Bird Flu Virus Is in One in Five U.S. Milk Samples


Fragments of the bird flu virus have been found in about one fifth of commercial milk samples tested in a U.S. nationally representative study, according to the Food and Drug Administration (FDA).

While the presence of traces of the virus in milk doesn’t necessarily indicate a risk to consumers, more tests are needed to confirm if intact pathogen is present and remains infectious, the FDA said in a statement on its website. That would determine “whether there is any risk of illness associated with consuming the product,” it added.

The initial study results offer a stark indication of how quickly a virus that has killed millions of birds globally is spreading among U.S. dairy cows, raising health and food security woes while spooking markets.

Read More: Is It Safe to Eat Eggs and Chicken During the Bird Flu Outbreak?

The FDA said there’s a higher proportion of positive tests coming from milk in areas with infected herds. The U.S. Department of Agriculture has confirmed 33 infected herds in eight states including Texas, Kansas, Michigan, and Ohio. On Wednesday, the USDA implemented mandatory testing of dairy cows moving across state borders as part of efforts to understand the extent of the outbreak and contain the virus.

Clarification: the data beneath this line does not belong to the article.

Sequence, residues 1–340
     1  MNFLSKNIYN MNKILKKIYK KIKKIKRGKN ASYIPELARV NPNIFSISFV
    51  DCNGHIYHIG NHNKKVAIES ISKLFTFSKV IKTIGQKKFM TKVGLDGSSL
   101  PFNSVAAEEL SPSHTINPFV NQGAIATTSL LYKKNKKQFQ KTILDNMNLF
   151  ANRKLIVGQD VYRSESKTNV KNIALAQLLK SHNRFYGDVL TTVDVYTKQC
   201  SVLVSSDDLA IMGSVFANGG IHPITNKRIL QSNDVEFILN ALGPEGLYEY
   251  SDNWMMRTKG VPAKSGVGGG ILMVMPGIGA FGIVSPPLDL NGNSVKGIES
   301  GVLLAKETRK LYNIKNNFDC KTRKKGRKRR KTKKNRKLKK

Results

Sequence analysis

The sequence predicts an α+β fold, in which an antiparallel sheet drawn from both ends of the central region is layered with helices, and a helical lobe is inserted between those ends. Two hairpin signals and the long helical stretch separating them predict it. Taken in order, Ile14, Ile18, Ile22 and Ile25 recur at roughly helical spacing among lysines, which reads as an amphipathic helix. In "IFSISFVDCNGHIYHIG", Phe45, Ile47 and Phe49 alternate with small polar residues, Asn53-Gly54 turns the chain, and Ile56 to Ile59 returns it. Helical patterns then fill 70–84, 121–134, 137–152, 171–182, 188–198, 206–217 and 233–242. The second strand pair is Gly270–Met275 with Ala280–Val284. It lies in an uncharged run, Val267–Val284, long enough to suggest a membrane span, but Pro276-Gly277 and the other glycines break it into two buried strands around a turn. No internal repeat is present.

Authorities have reaffirmed that the risk to humans remain low. So far this year, the U.S. has only identified one person who has been infected—and there’s been no human-to-human transmission. The person, who had direct contact with contaminated cattle, experienced only minor symptoms and was treated with Tamiflu.

“To date, the retail milk studies have shown no results that would change our assessment that the commercial milk supply is safe,” FDA said. 

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